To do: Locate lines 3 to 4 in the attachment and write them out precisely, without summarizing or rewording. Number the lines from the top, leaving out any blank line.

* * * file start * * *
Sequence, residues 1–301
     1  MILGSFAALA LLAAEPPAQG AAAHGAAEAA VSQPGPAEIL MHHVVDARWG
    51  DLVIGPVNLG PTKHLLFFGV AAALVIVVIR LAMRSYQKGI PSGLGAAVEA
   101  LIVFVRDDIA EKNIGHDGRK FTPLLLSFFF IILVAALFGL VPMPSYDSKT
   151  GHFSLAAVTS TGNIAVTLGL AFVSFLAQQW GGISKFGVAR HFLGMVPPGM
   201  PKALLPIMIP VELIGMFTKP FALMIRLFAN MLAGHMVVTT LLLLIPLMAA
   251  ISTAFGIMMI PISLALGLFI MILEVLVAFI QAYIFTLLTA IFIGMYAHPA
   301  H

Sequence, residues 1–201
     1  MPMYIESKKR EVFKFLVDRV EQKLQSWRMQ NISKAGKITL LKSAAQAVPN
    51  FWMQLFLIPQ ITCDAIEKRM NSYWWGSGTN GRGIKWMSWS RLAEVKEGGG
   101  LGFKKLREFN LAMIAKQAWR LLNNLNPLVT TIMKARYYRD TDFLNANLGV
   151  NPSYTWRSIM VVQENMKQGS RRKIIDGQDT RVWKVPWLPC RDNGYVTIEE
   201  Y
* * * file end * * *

    51  DLVIGPVNLG PTKHLLFFGV AAALVIVVIR LAMRSYQKGI PSGLGAAVEA
   101  LIVFVRDDIA EKNIGHDGRK FTPLLLSFFF IILVAALFGL VPMPSYDSKT